India is the next generation’s economic power. The country’s economy grew 7.5% in the fourth quarter of 2016. India’s population currently stands at about 1.25 billion, but by 2030, it is expected to exceed that of China, which is currently the largest. Economic growth and population growth together result in an explosive growth of the consumer market. India’s purchasing power is the third strongest in the world, falling behind only China and the United States. In such a market, Korea’s LG Electronics and Samsung Electronics are leading the home appliances sector, while Hyundai Motors’ small to medium sized cars are enjoying great popularity. Numerous Korean builders are also playing big parts in India’s infrastructure scene, constructing power plants, roads and more. Up until now, it was mostly the large conglomerates heading into the Indian market. But the government is now seeking to expand the presence of Korean SMEs there. A trade mission is expected to be deployed in India sometime in March.
The second emerging market Korea has its eyes on is the ASEAN, or the Association of Southeast Asian Nations.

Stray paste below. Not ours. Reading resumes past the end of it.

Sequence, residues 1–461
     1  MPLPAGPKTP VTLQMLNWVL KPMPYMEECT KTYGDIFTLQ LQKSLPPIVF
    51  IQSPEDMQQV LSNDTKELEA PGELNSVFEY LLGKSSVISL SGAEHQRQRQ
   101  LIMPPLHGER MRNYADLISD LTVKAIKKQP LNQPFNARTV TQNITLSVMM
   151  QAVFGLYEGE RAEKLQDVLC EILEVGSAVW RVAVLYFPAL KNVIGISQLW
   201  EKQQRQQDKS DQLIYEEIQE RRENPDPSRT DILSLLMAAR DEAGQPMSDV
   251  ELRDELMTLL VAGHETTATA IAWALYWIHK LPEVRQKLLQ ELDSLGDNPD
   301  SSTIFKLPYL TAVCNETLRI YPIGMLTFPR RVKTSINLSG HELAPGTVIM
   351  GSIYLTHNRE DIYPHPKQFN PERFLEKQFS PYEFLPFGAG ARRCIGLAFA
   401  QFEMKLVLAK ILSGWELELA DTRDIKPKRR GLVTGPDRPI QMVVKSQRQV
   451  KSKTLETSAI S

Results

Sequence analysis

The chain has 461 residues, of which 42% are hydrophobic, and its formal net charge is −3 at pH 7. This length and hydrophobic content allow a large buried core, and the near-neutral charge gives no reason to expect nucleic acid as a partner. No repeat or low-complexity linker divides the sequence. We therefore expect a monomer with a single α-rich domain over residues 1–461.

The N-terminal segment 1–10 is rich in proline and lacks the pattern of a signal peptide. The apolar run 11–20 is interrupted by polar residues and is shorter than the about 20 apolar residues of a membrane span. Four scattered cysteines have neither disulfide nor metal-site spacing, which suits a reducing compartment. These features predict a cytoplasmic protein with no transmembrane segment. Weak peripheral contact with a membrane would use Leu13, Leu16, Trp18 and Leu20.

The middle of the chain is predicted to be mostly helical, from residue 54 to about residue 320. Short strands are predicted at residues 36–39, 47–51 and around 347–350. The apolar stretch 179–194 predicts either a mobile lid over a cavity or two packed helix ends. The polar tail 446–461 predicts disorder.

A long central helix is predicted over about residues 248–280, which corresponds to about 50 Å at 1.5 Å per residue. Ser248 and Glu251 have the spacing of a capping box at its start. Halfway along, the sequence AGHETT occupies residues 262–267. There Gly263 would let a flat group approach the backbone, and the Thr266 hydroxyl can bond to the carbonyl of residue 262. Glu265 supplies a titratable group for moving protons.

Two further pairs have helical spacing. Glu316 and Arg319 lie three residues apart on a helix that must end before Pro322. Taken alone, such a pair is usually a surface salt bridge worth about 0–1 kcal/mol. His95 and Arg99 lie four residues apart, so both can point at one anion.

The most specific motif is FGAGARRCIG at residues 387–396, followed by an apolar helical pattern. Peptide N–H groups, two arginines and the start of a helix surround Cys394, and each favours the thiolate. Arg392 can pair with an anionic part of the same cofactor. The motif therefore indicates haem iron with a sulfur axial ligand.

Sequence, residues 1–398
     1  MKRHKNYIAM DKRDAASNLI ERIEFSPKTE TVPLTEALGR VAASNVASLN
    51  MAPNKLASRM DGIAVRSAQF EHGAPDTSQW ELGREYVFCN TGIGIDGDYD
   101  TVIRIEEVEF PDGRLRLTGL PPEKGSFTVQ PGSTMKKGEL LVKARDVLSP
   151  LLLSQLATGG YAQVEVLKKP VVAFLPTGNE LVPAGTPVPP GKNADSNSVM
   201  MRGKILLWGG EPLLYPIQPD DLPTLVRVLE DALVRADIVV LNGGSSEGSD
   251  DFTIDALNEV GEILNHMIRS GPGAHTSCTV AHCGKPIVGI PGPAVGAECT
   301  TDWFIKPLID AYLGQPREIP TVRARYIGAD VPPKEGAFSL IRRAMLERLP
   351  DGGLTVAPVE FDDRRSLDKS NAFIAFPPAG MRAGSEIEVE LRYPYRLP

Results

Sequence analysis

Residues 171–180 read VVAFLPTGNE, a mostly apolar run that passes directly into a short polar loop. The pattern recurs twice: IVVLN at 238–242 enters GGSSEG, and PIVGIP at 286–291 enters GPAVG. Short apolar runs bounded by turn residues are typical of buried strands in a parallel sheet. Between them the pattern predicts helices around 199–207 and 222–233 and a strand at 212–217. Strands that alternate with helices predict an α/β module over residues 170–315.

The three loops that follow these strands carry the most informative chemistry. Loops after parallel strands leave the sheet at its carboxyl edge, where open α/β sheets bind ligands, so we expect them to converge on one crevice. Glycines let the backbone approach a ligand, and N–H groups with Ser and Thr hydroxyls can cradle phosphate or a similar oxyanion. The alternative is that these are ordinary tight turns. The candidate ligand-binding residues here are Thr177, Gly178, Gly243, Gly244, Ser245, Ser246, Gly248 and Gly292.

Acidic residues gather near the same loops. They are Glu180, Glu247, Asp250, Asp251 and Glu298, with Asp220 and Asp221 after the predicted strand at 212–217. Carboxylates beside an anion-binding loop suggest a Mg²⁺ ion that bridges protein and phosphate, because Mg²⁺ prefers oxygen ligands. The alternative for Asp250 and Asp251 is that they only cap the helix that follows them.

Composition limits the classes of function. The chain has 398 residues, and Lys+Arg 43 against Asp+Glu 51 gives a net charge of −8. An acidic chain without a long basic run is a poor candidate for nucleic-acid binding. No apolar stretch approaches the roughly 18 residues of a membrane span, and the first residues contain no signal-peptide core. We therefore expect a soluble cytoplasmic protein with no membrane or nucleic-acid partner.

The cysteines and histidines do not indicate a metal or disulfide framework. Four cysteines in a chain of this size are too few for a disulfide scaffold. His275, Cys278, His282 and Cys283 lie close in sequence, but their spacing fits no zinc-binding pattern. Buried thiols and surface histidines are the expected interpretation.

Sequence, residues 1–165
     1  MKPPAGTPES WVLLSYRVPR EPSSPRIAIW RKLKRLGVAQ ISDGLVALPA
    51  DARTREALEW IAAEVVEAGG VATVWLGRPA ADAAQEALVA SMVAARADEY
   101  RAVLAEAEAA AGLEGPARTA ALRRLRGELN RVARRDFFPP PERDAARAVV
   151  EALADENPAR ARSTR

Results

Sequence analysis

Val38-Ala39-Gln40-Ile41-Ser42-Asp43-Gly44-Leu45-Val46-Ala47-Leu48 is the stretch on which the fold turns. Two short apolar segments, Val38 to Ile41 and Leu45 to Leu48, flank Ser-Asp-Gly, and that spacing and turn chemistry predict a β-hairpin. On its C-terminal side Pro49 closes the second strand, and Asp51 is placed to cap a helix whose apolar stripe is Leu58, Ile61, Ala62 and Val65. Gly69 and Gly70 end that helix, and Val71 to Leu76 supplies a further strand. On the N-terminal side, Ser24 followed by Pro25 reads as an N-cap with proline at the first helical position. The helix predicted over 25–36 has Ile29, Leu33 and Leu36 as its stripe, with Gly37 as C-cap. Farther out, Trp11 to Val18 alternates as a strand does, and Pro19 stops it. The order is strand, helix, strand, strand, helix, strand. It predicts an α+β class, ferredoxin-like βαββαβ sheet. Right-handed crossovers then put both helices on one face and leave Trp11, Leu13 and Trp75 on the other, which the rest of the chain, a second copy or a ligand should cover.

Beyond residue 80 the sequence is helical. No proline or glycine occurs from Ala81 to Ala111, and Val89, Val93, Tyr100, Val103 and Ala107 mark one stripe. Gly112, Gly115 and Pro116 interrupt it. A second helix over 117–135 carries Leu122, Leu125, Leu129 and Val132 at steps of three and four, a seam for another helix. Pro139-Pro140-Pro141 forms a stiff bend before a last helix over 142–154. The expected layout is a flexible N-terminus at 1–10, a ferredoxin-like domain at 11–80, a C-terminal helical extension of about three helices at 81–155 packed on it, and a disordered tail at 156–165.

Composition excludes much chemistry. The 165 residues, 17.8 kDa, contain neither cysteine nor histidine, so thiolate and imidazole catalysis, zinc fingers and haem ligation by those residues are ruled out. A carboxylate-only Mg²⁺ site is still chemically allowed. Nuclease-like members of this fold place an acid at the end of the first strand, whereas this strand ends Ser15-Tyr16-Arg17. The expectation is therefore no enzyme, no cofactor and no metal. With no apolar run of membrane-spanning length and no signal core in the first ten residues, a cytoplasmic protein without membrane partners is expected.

The 10 ASEAN nations include the Philippines, Malaysia, Singapore, Indonesia, Thailand, Vietnam, Laos, Myanmar and Cambodia. While Vietnam is already on a path toward growth, countries like Cambodia are only now opening their eyes toward the market economy, finally freed from the long political oppressions such as a dictatorship. All 10 ASEAN nations boast of overwhelmingly large growth rates, but the fact is their urbanization levels are extremely low. And such low urbanization level means there are many things Korea can do for them. Early on, we can start out by building roads, bridges and buildings for them. Once the money gets rolling, their quality of living will improve and they’ll need new daily necessities. They’ll need to buy TVs, smartphones, cars and so on. So when drawing up a long term export strategy looking at the next 10 and 15 years, it is said that there would be no better market than the ASEAN market.

The population of the ASEAN nations put together takes up 8% of the entire global population, but their economy still accounts for only 3.3%. However, with an average annual economic growth rate of 5%, and their young population with over 60% of the whole under the age of 35, ASEAN is the leading Post-China market. In order to get an inroad into the rapidly growing ASEAN market, Korea plans to actively utilize the ASEAN Economic Community, or AEC, which was launched in 2015, and expand large project orders. Meanwhile, the Middle East, where Korean construction companies made the so-called “oil money” back in the 1970s, has newly emerged as a new export market for Korean cosmetics.